Stewart Lee Beck represented China Simplified in today’s Shanghai AmCham Future Leaders Committee Event on “Language Learning – Approaches, Strategies, Tips and Tools.” Joining Stewart on the panel were John Pasden, Founder of AllSet Learning, and Kevin Chen, Co-Founder of

Stewart shared these five language learning tips with the audience:

1. Be clear on your goals

Do you plan to focus on speaking & listening, or also reading & writing? For some, it may make sense to start off using Pinyin, then learn characters later. Will you have time and resources available to study full time, or part time around your career? This decision will impact your approach and which goals are achieveable in the short term. Most of all, learn what you need and use what you learn. Don’t waste time studying vocabulary you’re never going to use! Are you clear on your own language learning goals right now?

2. Use digital tools to save time

Which tools? Pleco dictionary, Zhongwen Chinese Popup Dictionary for Chrome and other browsers, plus Chinese podcasts and other recordings. According to David Moser, “The critical skill in the 21st century is recognizing characters, not writing them. digital tools help you quickly do that.” Dashan (Mark Rowswell) adds: “These days, with dictionaries and reference materials you can easily access from a smartphone, people who want to learn a foreign language should throw away their textbooks as soon as possible and just throw themselves into the language.”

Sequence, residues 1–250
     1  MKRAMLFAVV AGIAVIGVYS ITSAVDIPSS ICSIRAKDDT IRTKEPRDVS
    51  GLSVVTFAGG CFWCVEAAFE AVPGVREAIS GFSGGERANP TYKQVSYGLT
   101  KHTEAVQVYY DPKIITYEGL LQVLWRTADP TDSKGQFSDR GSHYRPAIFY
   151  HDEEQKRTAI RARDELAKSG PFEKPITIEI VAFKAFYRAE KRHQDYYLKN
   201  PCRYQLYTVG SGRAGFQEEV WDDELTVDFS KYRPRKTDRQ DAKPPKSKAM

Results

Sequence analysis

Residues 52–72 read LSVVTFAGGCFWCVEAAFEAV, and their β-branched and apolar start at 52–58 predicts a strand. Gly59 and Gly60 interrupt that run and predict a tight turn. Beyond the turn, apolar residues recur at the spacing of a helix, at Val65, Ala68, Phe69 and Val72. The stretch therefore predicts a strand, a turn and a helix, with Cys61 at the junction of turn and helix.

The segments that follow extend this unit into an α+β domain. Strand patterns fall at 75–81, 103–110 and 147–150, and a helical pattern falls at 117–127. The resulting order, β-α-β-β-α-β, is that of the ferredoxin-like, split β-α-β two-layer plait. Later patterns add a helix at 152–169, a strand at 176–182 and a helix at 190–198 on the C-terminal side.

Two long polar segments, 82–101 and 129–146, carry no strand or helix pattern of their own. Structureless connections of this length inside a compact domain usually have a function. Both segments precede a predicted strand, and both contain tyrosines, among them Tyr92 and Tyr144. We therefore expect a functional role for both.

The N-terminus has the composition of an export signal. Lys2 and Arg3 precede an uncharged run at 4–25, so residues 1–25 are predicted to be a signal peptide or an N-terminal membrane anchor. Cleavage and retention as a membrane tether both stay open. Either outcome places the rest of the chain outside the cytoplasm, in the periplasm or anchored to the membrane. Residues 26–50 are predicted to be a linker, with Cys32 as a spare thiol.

3. Manage your time and energy

Olle Linge of Hacking Chinese taught me the key to maximizing output is being able to find something suitable to study for any given mental state. Choose a task to match your energy level then timebox it to promote greater efficiency.

4. Strive for perpetual immersion

I like to listen to Chinese podcasts and recordings, then press pause, and repeat back what I’ve heard. I’ve become “that guy who talks to himself on the subway.” If you’re not already doing so, find and speak with native language speakers. When you’re not in Chinese speaking environment, use tools like italki and skype to stay connected. In the words of Khatzumoto, “You don’t learn a language, you get used to it.”

5. Don’t be afraid of making mistakes

Dare to go outside your comfort zone. If you’re not taking risks than you aren’t advancing in life. Always keep your sense of humor no matter what’s happening around you. Mistakes aren’t social landmines, they’re social fireworks!

For more entertaining language learning insights, check out China Simplified: Language Empowerment, a book co-written by Stewart and Katie Lu, a successful language teacher and entrepreneur